More than 1.1 million children were diagnosed with COVID-19 in the week ended Jan. 20.
According to the American Academy of Pediatrics’ Children and COVID-19: State Data Report, nearly 1,151,000 child COVID-19 cases were reported in that timeframe.
The number marks a 17% increase over the 981,000 added cases reported the week ended Jan. 13.
It is also a doubling of case counts from the two weeks prior.
Since the onset of the pandemic, the group said that more than 10.6 million children have tested positive for the disease.
More than 2 million of those cases have been added in the past two weeks – though the academy noted data is limited due to its reliance on how each state individually reports its cases.
This report comes as the omicron variant of the coronavirus continues to spread around the country, accounting for nearly all new COVID-19 cases.
“As we approach the two-year anniversary of the pandemic, cases of COVID-19 among children and adolescents are the highest they have ever been. These numbers are staggering,” Dr. Moira Szilagyi, the 2022 president of the American Academy of Pediatrics, said in a statement.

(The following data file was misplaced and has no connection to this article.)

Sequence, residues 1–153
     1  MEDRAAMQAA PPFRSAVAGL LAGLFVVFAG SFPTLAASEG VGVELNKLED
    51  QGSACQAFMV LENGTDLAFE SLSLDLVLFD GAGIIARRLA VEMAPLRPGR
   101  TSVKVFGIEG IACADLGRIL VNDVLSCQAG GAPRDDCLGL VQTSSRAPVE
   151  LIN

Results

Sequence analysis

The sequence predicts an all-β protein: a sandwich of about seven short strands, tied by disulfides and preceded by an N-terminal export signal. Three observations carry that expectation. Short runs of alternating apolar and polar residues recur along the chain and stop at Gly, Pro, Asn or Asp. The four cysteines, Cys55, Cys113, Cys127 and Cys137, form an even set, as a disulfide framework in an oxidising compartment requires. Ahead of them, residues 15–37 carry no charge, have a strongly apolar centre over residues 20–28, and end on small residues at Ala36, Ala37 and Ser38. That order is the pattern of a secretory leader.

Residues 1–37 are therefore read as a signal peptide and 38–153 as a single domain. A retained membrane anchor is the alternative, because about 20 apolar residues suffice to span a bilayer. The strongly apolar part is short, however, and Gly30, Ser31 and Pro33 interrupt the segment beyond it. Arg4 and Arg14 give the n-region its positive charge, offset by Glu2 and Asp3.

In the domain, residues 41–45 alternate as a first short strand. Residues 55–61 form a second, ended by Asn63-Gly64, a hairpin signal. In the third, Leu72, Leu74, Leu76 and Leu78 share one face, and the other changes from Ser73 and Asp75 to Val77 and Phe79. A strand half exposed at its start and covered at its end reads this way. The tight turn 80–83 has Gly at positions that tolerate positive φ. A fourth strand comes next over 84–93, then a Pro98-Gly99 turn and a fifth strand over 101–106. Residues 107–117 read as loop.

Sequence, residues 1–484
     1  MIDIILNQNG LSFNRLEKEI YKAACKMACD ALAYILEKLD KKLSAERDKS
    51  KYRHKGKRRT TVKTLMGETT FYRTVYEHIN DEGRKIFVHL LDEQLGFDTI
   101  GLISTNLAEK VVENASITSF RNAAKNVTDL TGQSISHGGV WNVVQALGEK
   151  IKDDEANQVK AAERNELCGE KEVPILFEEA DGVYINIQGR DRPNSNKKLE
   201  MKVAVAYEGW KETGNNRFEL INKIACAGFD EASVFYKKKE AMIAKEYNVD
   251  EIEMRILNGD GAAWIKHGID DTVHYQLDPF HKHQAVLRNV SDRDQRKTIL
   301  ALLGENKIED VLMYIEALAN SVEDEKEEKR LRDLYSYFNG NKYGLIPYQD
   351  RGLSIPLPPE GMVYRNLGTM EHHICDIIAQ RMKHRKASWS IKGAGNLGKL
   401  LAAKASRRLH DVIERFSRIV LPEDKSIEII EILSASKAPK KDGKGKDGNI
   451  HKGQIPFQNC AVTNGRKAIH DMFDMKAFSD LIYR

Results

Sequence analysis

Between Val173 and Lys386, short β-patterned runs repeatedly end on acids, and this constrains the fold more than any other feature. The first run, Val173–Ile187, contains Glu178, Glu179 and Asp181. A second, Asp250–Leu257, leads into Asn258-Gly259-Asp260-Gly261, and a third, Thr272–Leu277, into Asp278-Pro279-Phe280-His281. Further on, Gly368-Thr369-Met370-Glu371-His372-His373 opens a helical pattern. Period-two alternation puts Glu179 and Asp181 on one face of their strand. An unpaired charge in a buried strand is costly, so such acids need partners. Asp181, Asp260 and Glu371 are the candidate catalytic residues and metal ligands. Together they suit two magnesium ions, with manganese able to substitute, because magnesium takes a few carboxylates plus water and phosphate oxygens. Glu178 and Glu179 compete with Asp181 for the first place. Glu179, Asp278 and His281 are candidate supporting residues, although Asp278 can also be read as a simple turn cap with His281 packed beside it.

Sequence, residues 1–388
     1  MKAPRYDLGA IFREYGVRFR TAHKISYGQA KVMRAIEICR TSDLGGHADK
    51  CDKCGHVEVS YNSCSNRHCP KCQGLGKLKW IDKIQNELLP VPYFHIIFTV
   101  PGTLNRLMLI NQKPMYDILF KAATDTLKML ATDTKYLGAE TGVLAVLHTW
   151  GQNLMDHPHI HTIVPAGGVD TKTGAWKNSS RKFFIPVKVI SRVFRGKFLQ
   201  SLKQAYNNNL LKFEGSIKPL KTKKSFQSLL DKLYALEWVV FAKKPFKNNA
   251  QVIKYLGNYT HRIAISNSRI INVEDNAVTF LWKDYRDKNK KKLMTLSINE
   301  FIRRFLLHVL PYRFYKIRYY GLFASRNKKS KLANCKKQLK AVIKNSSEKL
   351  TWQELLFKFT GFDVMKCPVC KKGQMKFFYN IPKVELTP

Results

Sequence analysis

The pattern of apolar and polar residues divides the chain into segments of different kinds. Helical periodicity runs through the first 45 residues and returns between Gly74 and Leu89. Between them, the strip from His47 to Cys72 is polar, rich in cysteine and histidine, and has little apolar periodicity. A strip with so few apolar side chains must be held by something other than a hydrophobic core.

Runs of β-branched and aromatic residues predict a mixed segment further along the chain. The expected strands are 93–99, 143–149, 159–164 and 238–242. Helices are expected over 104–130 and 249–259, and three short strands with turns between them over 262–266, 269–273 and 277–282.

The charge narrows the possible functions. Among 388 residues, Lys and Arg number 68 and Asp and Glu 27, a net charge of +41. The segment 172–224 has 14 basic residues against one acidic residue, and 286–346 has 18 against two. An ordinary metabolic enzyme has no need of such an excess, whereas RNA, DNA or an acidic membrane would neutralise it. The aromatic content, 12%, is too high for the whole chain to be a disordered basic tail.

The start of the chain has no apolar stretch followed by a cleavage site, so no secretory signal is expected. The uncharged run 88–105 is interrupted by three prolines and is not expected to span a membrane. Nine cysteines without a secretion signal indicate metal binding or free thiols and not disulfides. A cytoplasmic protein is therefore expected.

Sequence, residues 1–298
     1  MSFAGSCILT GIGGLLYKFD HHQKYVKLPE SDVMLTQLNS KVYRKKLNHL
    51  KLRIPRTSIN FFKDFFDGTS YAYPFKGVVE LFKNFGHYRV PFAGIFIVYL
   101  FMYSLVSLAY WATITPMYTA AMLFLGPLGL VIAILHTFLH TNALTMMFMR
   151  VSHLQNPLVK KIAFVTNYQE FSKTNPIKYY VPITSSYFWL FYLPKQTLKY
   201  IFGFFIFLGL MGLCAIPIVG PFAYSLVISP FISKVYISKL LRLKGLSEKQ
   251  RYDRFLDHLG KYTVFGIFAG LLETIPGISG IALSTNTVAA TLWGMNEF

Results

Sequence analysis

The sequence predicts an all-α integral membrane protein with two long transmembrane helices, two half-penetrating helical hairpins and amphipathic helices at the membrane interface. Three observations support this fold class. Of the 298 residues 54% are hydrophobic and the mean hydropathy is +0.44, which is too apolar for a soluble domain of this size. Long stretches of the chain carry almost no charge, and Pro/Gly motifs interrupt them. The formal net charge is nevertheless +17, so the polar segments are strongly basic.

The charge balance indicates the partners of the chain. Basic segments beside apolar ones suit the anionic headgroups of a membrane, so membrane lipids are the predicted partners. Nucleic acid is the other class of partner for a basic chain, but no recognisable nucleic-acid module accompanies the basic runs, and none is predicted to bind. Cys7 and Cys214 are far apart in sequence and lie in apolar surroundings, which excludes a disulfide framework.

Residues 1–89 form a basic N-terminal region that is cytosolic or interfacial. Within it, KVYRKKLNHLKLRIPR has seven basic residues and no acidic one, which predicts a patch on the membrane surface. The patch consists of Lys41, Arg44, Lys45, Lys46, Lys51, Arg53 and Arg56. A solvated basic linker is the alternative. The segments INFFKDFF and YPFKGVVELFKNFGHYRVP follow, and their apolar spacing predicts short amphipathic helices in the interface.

“That includes children in the youngest age group of children, who still are waiting for a vaccine,” she added.
The Centers for Disease Control and Prevention (CDC) recommends that everyone ages 5 years and older get a COVID-19 vaccine.
The Pfizer-BioNTech vaccine is authorized for emergency use in children ages 5 to 11 and pre-teens and teenagers ages 12 and up.
Agency data shows more than 80% of the U.S. population ages 5 and older have received at least one dose and 67.5% are fully vaccinated.
The CDC also advises that children between the ages of 2 and 4 years old and other unvaccinated children 5 years or older should continue to wear a mask in public spaces around people they don’t live with.